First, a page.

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Attenborough & His Animals at Wilton’s

I had booked this show back in June on the basis of my biology-loving 10-year-old daughter’s fan girl devotion to Sir David Attenborough – an affinity I admired but never quite appreciated until I discovered at the performance that she could mouth Sir David’s narration word for word. For some reason (probably my own lack of attention to a gig that popped up three months ago) I had been expecting a puppet-driven production like a mini-Life of Pi for kids. But the clue to the joy of Clownfish’s production is in the producer’s name; Attenborough and His Animals is a masterclass in physical theatre delivered with virtuoso clowning.

Attenborough & His Animals
Attenborough & His Animals. Credit: Jacinta Oaten

The show begins with a typical backstage farce construct whereby Sir David has somehow not been booked and even a paltry DVD player cannot be sourced to screen his beloved documentaries. I was pleased that the show didn’t dwell too long in this moment of frustration – allowing some tension and mirth to arise amongst the young audience but without milking it, panto-style.

Jonathan Tilley as the would-be impresario bosses his silent lackey, Jess Clough-MacRae, about for a bit – reminding me somewhat of mouthy Penn to mute Teller – as she tries to solve the dilemma. But in short order, Clough-MacRae steals the show enacting all the animals (and some plants) of many Attenborough documentaries whilst straight-man Tilley offers a convincing and consistent Sir David impression. Clough MacRae’s physicality is breathtakingly precise and hilarious. She is enthralling to watch as a crab munching on seaweed or a slow-motion sloth (great detail to the three fingers) on the hunt for a mate.

Both Tilley and Clough MacRae trained at the world-leading physical theatre school Ecole de Theatre Jacques Lecoq and then developed and seasoned their production via the Australian and Edinburgh Fringes and you can tell. It takes an exceptional confidence in one’s craft to attempt to transmit the most polished and acclaimed of documentaries through just two bodies (largely Jess Clough-MacRae’s) and voices, with the very occasional music cue. As the complete opposite of the Life of Pi, there is no spectacular set or rich lighting design or puppetry. The sole props include a water bottle and a plastic bag. Yet the team’s confidence is well-placed and rewarded with an utterly convincing portrayal that enthrals and delights thanks to its simplicity and perfectly observed mimicry of nature’s non-human creatures. In their ability to create marvel, they fittingly deserve to occupy the same standards of excellence and charm the Attenborough imprimatur conveys. Repeatedly I saw joy on my daughter’s face – her eyes wide even when she wasn’t laughing (which was a lot!)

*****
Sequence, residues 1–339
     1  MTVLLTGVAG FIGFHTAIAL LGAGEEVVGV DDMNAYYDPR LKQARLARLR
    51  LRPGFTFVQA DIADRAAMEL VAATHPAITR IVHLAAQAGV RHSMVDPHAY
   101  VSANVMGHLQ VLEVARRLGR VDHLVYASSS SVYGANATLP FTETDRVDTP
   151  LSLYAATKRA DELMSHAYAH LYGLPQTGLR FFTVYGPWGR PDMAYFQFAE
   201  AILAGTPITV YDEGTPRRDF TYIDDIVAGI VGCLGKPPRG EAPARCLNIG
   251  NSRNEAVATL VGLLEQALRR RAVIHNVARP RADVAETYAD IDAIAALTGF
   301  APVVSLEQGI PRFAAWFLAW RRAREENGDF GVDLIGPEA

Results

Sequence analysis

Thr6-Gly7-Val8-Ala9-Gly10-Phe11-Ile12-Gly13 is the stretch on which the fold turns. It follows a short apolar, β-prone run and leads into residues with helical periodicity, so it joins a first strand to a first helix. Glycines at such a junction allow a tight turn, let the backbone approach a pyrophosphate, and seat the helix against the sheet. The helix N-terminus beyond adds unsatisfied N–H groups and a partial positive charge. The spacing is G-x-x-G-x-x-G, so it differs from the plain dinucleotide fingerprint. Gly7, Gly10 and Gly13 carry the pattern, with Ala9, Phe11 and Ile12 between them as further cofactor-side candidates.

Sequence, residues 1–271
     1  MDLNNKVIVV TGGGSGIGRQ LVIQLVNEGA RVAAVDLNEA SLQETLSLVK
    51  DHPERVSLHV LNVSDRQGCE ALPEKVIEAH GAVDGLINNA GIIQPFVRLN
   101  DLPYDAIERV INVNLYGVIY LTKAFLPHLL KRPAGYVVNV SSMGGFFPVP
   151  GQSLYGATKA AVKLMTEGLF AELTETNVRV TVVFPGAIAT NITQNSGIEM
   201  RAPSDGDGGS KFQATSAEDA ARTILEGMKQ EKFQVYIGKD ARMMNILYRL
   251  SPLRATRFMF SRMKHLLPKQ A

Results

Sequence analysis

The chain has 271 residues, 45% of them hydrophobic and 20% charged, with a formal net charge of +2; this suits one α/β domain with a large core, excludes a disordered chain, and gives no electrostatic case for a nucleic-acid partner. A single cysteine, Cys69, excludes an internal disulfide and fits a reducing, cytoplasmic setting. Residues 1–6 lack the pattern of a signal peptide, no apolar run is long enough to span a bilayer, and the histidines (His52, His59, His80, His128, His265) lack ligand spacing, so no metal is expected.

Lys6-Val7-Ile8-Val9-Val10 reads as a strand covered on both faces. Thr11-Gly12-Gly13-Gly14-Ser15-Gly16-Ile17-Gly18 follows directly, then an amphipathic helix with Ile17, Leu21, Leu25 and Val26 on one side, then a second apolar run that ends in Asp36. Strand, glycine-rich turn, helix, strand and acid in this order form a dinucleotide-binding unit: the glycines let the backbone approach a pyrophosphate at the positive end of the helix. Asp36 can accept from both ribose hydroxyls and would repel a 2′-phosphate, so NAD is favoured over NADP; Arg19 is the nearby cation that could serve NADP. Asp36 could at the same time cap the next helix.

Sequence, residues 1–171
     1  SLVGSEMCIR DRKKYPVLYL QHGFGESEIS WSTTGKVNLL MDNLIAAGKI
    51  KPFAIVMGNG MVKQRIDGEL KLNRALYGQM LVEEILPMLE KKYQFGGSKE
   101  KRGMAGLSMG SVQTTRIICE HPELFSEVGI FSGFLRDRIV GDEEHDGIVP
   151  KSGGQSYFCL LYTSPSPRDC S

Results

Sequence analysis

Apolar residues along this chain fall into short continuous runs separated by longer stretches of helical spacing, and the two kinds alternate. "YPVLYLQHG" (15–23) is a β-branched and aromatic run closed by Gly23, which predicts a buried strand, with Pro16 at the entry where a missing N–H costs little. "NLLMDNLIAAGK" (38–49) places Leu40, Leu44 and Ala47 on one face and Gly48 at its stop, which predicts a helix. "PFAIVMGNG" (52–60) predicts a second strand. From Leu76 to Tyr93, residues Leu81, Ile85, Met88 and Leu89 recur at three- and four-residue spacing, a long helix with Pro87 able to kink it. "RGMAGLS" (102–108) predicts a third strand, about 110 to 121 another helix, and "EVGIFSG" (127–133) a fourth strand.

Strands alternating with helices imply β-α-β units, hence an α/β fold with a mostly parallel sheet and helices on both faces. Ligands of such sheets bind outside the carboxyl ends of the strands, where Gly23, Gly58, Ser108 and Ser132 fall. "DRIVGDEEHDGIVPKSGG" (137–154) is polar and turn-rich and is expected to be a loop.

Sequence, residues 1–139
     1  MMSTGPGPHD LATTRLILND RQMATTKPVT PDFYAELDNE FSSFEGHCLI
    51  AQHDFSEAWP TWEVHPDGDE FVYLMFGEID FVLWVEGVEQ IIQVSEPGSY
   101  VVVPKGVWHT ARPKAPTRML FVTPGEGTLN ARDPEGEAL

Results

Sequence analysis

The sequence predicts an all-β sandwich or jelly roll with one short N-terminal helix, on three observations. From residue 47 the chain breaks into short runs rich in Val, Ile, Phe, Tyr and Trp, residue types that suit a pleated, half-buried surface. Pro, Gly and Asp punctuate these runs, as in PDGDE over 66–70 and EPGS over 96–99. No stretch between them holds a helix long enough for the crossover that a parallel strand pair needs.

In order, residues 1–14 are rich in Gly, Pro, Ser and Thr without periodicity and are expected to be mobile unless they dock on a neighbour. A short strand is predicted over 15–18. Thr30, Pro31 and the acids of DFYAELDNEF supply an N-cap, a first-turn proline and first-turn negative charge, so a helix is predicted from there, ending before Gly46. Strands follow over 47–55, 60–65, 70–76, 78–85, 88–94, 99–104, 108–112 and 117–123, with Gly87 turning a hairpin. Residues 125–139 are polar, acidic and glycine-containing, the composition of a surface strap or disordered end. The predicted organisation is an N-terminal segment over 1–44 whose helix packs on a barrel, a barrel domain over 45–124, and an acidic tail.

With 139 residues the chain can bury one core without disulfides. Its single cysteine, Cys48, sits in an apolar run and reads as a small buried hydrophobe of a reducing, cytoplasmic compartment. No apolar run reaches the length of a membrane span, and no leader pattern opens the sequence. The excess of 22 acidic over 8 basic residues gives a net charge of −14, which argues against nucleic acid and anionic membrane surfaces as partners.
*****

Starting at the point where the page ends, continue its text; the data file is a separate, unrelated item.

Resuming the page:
The show continues to deliver treat after treat through Clough-MacRae’s enactments with a splendid finale moment. However, it is a series of (excellent) sketches without much of a through-line or arc. I can absolutely see why Attenborough and His Animals won five stars at festivals. As a 70-minute show, I did crave some story or variation of pace once I became accustomed to the device of physical theatre as the central conceit. Rather like I do in response to the soothing tones of an Attenborough documentary, there were moments when my attention wandered. But also like the storied TV programmes, I was brought back to the moment – although it wouldn’t be entirely accurate to say this show delivered as much drama, even if it matched the legendary broadcasts frame for frame in charm.

The team have scaled up the production to reach the rear rows of the Wilton’s traditional music hall layout although I suspect, if you can, it’s worth getting as close to the action as you can. With tickets starting at £11 and the best seats at £20 via a family ticket, Attenborough and His Animals offers fantastic value. As my 10-year-old co-critic described it, this show is ‘silly, surprising and fun!’

4 stars

Review by Mary Beer

The magic of David Attenborough live!

A blue whale swims through the depths. Racer snakes pursue an iguana across the desert. Two hapless fools recreate wonderful scenes of the natural world.

Catch this award-winning, five-star show for an epic display of clowning, physical theatre and the largest range of animals you will ever see onstage.

A must-see for the whole family.

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  • Mary Beer

    Mary graduated with a cum laude degree in Theatre from Columbia University’s Barnard College in New York City. In addition to directing and stage managing several productions off-Broadway, Mary was awarded the Helen Prince Memorial Prize in Dramatic Composition for her play Subway Fare whilst in New York. Relocating to London, Mary has worked in the creative sector, mostly in television broadcast and production, since 1998. Her creative and strategic abilities in TV promotion, marketing and design have been recognised with over 20 industry awards including several Global Promax Golds. She is a founder member of multiple creative industry and arts organisations and has frequently served as an advisor to the Edinburgh International TV Festival.

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